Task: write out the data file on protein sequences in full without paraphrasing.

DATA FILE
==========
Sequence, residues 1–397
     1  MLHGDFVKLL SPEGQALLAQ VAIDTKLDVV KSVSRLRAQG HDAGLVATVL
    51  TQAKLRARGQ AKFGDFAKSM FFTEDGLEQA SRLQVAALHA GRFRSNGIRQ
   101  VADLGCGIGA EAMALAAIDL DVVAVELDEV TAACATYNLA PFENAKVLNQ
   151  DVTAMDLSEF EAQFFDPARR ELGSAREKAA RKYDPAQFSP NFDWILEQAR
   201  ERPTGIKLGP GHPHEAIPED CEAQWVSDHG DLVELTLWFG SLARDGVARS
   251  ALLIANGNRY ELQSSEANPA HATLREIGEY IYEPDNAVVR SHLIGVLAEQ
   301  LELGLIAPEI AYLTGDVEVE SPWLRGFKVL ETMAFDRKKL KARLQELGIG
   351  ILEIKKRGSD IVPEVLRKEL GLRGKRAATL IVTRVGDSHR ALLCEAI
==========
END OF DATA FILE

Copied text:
Sequence, residues 1–397
     1  MLHGDFVKLL SPEGQALLAQ VAIDTKLDVV KSVSRLRAQG HDAGLVATVL
    51  TQAKLRARGQ AKFGDFAKSM FFTEDGLEQA SRLQVAALHA GRFRSNGIRQ
   101  VADLGCGIGA EAMALAAIDL DVVAVELDEV TAACATYNLA PFENAKVLNQ
   151  DVTAMDLSEF EAQFFDPARR ELGSAREKAA RKYDPAQFSP NFDWILEQAR
   201  ERPTGIKLGP GHPHEAIPED CEAQWVSDHG DLVELTLWFG SLARDGVARS
   251  ALLIANGNRY ELQSSEANPA HATLREIGEY IYEPDNAVVR SHLIGVLAEQ
   301  LELGLIAPEI AYLTGDVEVE SPWLRGFKVL ETMAFDRKKL KARLQELGIG
   351  ILEIKKRGSD IVPEVLRKEL GLRGKRAATL IVTRVGDSHR ALLCEAI